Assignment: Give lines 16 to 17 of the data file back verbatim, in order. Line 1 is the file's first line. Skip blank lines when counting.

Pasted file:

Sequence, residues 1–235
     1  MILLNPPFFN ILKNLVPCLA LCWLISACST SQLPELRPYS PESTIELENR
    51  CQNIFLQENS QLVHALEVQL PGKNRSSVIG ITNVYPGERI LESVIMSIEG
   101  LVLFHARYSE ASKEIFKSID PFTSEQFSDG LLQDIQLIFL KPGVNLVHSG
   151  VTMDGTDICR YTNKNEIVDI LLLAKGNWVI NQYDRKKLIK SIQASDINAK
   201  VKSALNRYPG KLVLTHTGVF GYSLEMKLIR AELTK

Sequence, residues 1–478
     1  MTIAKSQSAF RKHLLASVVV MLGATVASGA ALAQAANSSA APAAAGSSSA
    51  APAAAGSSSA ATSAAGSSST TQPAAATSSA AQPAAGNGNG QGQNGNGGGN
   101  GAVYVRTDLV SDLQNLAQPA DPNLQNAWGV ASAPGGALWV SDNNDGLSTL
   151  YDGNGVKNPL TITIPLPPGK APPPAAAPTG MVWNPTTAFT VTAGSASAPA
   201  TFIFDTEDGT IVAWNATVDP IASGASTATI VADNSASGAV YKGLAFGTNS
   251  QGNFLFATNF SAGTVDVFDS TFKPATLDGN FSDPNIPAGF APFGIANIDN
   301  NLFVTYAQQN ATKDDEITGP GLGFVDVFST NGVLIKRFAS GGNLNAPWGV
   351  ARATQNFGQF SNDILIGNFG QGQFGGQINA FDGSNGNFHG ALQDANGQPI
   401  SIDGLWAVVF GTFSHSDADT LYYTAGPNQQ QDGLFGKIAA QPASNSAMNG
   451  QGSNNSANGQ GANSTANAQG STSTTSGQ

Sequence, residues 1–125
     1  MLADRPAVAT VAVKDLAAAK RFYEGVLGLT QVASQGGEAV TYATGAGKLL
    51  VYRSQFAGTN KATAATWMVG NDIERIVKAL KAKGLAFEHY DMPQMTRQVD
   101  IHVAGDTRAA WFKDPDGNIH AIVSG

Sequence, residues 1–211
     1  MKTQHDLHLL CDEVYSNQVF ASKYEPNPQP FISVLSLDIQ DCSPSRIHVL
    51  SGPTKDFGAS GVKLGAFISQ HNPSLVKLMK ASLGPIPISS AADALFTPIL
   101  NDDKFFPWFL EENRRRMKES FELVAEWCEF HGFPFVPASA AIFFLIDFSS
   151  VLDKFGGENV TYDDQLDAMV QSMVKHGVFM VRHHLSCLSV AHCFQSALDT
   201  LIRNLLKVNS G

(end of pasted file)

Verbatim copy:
   401  SIDGLWAVVF GTFSHSDADT LYYTAGPNQQ QDGLFGKIAA QPASNSAMNG
   451  QGSNNSANGQ GANSTANAQG STSTTSGQ